Technology over the last twenty years has changed the way we live our lives. Increasing accessibility of high-speed internet, advanced hand-held devices, and social media platforms have altered our interactions and the way we work. They’ve also had an enormous impact on how we spend our spare time. We can stream movies and TV shows on-demand, listen to any song we want, whenever we like, and communicate via video with friends and family worldwide. Online gambling and gaming have also been a big part of this shift towards digital entertainment.
The worlds of gambling and gaming are remarkably similar, so much so that the iGaming sector even uses the words interchangeably. One of the key differences is that gambling is usually for money and is based on chance. Gaming is based on skill and generally aren’t played for money. But there are points where they converge, and that’s the topic of this article.
Gambling and gaming
When we talk about gaming, we mean digital games played by one or more people. They could be role-playing or social, be phone-based (think Candy Crush) or console-based (think League of Legends). In terms of themes, sports games are popular, as are strategy and fighting titles.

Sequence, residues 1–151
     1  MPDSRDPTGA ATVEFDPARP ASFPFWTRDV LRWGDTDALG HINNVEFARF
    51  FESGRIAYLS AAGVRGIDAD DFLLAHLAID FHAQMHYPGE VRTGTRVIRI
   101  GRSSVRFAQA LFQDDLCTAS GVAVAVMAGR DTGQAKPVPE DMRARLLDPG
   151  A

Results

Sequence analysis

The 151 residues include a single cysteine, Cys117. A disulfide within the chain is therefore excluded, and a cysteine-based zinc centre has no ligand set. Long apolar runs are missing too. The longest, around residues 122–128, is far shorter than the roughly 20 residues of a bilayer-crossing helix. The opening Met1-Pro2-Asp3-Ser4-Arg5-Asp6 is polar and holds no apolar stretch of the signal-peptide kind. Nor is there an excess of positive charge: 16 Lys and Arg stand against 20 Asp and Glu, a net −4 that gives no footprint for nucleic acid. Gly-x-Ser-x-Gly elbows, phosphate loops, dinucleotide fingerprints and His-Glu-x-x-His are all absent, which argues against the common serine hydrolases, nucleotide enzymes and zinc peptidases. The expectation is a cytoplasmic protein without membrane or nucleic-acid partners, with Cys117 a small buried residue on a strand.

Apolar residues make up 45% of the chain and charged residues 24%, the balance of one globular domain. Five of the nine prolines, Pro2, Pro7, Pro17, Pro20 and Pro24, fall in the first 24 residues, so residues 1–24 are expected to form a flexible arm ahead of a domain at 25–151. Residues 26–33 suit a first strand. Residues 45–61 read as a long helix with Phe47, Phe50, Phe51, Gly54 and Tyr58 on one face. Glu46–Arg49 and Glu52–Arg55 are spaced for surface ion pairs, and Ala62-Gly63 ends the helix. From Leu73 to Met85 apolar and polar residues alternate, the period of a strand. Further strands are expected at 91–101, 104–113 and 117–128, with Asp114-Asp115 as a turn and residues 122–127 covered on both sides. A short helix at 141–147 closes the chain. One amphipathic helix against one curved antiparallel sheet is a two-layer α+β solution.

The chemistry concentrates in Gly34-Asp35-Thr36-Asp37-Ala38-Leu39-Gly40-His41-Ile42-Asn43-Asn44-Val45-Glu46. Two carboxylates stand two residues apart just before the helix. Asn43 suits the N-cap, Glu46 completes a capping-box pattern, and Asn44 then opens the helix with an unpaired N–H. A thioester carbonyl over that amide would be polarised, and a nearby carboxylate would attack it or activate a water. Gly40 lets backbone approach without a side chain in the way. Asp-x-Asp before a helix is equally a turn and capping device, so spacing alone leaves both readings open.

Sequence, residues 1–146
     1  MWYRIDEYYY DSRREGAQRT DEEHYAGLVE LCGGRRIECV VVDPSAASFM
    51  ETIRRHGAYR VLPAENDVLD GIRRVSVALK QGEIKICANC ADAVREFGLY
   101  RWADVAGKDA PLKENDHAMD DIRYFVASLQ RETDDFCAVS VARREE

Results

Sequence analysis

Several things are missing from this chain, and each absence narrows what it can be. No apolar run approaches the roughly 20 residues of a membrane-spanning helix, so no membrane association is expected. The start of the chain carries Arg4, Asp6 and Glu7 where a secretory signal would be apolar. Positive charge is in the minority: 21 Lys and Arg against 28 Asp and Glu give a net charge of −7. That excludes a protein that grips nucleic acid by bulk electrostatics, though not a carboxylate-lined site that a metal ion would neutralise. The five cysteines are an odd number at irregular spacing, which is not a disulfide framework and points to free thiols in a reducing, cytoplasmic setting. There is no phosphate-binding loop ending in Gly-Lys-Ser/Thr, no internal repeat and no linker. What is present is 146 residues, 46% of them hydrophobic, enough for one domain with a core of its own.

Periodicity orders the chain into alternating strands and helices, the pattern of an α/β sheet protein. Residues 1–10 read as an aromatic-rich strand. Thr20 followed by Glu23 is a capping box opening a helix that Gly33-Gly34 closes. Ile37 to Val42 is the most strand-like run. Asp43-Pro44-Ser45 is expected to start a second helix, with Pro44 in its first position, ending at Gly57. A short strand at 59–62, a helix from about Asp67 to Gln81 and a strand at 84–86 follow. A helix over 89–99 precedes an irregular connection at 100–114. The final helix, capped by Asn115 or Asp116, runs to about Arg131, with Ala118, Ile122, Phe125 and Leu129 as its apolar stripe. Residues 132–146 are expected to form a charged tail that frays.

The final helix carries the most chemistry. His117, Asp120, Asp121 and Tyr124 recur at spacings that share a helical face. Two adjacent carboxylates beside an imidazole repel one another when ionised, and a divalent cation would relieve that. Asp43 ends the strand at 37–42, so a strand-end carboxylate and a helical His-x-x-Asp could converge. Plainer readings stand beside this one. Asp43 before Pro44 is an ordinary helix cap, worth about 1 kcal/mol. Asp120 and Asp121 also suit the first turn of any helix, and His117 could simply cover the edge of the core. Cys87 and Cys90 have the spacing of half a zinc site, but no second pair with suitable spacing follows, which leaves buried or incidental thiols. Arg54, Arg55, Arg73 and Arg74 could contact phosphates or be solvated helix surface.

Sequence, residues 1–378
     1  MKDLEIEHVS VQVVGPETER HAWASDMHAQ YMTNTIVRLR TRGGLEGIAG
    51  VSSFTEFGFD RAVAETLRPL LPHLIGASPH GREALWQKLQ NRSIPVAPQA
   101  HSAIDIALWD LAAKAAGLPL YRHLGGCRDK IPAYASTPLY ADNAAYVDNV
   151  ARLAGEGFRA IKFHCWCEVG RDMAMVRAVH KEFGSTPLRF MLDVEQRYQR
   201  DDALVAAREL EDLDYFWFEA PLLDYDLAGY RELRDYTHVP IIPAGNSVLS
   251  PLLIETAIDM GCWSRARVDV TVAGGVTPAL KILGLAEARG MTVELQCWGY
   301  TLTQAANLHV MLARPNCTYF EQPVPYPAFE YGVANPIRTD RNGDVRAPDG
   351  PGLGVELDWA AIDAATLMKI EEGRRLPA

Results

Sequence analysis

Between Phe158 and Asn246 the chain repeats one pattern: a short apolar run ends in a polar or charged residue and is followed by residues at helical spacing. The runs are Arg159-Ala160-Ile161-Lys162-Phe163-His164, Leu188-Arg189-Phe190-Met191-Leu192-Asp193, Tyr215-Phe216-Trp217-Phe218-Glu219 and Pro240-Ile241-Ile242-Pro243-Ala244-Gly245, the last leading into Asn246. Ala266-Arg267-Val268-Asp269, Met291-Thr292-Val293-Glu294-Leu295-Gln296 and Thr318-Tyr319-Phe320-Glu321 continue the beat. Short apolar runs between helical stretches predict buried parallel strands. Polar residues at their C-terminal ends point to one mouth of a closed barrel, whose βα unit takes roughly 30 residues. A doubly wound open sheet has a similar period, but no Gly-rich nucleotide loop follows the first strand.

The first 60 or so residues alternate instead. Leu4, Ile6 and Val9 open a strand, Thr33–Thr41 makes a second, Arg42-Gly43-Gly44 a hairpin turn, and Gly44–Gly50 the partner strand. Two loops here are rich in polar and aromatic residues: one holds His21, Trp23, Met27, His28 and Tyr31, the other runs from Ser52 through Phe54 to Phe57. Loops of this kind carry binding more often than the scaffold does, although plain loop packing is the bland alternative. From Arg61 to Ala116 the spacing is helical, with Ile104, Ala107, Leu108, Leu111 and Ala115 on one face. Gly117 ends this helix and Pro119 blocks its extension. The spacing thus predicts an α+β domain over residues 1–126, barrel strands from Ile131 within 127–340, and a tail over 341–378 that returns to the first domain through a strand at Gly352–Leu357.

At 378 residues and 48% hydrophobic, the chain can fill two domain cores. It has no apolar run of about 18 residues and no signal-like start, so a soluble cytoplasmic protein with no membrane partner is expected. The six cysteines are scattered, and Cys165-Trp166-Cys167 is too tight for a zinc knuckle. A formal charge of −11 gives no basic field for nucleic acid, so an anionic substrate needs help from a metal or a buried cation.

The most popular games of the moment include Call of Duty: Modern Warfare, Super Smash Bros, Fortnite, and Minecraft. The latter is the best-selling video game in history, having shifted more than 180 million copies.
Gambling, however, is specifically related to games of chance. The world’s most popular gambling games are poker, video slots, roulette, and baccarat. They come in video format or live dealer where players can interact with the croupier and other players. The most popular way to gamble in 2021 is on a mobile phone, closely followed by a tablet and regular computer. This means games are designed to fit small screens and to be fast and slick. Gambling games are generally centuries-old in origin but are themed and updated to appeal to modern audiences.
How gaming and gambling converge